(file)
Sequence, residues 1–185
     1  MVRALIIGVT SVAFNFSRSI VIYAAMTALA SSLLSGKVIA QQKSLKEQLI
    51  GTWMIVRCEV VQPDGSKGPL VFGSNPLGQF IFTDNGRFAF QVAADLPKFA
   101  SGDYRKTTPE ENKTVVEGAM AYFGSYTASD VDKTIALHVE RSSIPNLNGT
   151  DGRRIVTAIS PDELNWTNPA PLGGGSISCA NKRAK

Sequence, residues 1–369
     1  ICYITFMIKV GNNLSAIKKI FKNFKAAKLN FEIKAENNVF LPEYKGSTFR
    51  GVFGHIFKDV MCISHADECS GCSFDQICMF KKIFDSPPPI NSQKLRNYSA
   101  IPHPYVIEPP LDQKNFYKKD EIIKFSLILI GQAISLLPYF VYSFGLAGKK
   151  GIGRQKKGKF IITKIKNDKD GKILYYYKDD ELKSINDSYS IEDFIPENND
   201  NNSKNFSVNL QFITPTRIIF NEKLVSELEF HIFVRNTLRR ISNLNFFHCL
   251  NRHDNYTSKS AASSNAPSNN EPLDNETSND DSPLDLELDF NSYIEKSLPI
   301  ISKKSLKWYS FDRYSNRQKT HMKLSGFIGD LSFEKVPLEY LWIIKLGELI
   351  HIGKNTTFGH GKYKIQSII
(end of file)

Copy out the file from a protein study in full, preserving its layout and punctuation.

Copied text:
Sequence, residues 1–185
     1  MVRALIIGVT SVAFNFSRSI VIYAAMTALA SSLLSGKVIA QQKSLKEQLI
    51  GTWMIVRCEV VQPDGSKGPL VFGSNPLGQF IFTDNGRFAF QVAADLPKFA
   101  SGDYRKTTPE ENKTVVEGAM AYFGSYTASD VDKTIALHVE RSSIPNLNGT
   151  DGRRIVTAIS PDELNWTNPA PLGGGSISCA NKRAK

Sequence, residues 1–369
     1  ICYITFMIKV GNNLSAIKKI FKNFKAAKLN FEIKAENNVF LPEYKGSTFR
    51  GVFGHIFKDV MCISHADECS GCSFDQICMF KKIFDSPPPI NSQKLRNYSA
   101  IPHPYVIEPP LDQKNFYKKD EIIKFSLILI GQAISLLPYF VYSFGLAGKK
   151  GIGRQKKGKF IITKIKNDKD GKILYYYKDD ELKSINDSYS IEDFIPENND
   201  NNSKNFSVNL QFITPTRIIF NEKLVSELEF HIFVRNTLRR ISNLNFFHCL
   251  NRHDNYTSKS AASSNAPSNN EPLDNETSND DSPLDLELDF NSYIEKSLPI
   301  ISKKSLKWYS FDRYSNRQKT HMKLSGFIGD LSFEKVPLEY LWIIKLGELI
   351  HIGKNTTFGH GKYKIQSII